Buckwheat pillows are filled with an organic, natural filling known as buckwheat hulls.  The unique structure and strength of buckwheat hulls create a firm yet flexible filling that provides proper alignment and support.

 

 

 

 

 

Unfortunately, the other pillows on this list aren’t adjustable, but buckwheat pillows are.  Each person requires a different pillow height and level of firmness, but with a one-size-fits-all pillow, you are unlikely to find that perfect fit.

 

 

 

 

 

As a result, buckwheat pillows are often recommended by chiropractors and physical therapists. When your head, neck, and shoulders are properly aligned as you sleep, you will sleep better, breathe easier, and wake up pain-free. 

 

 

 

 

 

Buckwheat pillows are also great for hot sleepers. Their unique structure prevents the filling from being compressed together like it is with down filled, fiber filled, or memory foam pillows. Instead, space remains between the hulls allowing air to travel feeling through the pillow. This keeps the pillow cool and also makes these pillows an inhospitable environment for dust mites. 

 

 

 

 

 

Many allergens, like dust mites, can become trapped in your pillow, making it difficult to sleep. Buckwheat pillows, however, are hypoallergenic. Further, they are also more hygienic because of this airflow and are easier to clean. The filling is secured in an inner pillowcase that you can remove and throw in your washing machine. 

 

 

 

 

 

At this point, it’s clear to see that buckwheat pillows are the winner of the pillow fight, but there is more. They are also sustainable and better for the environment as they have a long life span of 10+ years!

 

 

 

 

 

Though they weren’t one of the contenders in today’s pillow fight, millet pillows deserve an honorable mention. These pillows are popular in Europe and similar to a buckwheat pillow but made of millet hulls.   Millet hulls are 30% lighter and make less noise than buckwheat hulls because of their smaller size. It is an excellent alternative for those who find a buckwheat pillow to be too firm but still want all the benefits from a natural, organic pillow.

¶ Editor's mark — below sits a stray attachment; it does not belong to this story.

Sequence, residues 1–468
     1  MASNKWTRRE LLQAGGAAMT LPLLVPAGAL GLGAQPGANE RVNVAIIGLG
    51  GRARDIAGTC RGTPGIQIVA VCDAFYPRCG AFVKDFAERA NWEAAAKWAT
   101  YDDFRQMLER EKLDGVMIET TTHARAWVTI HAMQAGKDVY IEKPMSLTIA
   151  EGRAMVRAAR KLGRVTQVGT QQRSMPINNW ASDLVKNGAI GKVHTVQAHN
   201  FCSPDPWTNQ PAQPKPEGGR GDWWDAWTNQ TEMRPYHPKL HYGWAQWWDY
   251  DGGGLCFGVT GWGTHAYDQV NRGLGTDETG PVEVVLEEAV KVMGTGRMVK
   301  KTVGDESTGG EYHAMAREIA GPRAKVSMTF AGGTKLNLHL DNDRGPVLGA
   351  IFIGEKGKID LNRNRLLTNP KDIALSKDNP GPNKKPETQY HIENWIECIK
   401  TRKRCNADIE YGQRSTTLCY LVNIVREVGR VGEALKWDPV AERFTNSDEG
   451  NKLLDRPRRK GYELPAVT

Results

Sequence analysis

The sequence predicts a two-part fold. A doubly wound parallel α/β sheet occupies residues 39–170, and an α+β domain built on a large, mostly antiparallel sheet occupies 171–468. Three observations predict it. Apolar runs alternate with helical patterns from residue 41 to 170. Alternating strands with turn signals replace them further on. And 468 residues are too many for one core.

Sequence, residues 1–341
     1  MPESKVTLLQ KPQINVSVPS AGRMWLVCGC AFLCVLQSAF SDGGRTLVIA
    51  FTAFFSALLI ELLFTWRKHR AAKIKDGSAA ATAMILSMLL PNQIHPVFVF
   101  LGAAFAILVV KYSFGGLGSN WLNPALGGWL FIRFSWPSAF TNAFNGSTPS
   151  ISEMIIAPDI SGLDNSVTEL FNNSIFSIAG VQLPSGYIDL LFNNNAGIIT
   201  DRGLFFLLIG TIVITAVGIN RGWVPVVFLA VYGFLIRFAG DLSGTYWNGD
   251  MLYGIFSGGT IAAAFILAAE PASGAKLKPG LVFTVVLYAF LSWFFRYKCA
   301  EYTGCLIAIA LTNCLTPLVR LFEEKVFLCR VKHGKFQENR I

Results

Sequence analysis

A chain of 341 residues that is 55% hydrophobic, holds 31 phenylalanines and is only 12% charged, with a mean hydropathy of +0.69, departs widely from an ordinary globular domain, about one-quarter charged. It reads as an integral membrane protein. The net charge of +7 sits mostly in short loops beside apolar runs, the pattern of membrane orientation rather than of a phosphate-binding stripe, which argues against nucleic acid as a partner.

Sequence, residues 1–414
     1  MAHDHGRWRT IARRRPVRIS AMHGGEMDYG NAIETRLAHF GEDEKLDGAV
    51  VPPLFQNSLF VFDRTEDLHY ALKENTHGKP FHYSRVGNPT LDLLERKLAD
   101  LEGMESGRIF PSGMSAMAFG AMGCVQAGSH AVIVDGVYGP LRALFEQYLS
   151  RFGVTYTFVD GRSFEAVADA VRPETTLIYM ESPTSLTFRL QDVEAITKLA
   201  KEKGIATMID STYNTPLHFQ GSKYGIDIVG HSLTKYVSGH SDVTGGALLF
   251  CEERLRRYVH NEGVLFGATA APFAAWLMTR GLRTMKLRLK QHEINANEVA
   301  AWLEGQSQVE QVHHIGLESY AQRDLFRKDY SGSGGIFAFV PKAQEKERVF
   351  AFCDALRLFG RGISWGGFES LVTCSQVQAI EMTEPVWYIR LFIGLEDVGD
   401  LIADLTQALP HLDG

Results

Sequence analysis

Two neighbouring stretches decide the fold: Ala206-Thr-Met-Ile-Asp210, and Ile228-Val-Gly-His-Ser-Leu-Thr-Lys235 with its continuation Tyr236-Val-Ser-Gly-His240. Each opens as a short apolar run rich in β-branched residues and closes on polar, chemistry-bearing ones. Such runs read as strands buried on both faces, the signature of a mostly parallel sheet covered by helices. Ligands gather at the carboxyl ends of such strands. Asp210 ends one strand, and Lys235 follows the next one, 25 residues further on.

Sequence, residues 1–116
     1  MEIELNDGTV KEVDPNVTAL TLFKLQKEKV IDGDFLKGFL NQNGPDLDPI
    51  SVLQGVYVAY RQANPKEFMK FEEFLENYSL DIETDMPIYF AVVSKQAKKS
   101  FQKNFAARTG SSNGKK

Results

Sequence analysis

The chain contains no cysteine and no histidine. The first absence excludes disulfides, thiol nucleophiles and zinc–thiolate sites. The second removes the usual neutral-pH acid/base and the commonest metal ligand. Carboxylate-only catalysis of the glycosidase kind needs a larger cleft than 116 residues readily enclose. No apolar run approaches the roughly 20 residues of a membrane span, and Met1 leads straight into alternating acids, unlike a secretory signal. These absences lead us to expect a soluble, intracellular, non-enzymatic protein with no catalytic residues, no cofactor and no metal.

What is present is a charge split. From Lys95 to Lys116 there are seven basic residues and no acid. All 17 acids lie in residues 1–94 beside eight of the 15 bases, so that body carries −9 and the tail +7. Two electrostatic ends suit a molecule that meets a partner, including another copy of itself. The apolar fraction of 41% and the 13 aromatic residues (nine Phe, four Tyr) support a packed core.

You spend nearly one-third of your life laying on your pillow, so you want to ensure you are sleeping one that will help you – not hurt you! Unfortunately, memory foam, fiber, and down feather filled pillows don’t provide the level of support you need, can make you hot, and are a breeding ground for bacteria and dust mites. Even worse, these pillows are bad for the environment and can contain harmful chemicals. 

 

 


Search our blog...

Related Posts

The Benefits of Dry Brushing and How To Do It
The Benefits of Dry Brushing and How To Do It
There are countless home remedies and beauty treatments that promise to make your skin softer, reduce wrinkles, preve...
Read More
6 Easy Meal Prepping Tips
6 Easy Meal Prepping Tips
As the saying goes, “failure to prepare is preparing to fail.” This adage could apply to almost anything but is espec...
Read More
How Much Water Should You Really Drink
How Much Water Should You Really Drink
Every day people end up in the hospital after experiencing serve confusion, dizziness, weakness, and fainting. These ...
Read More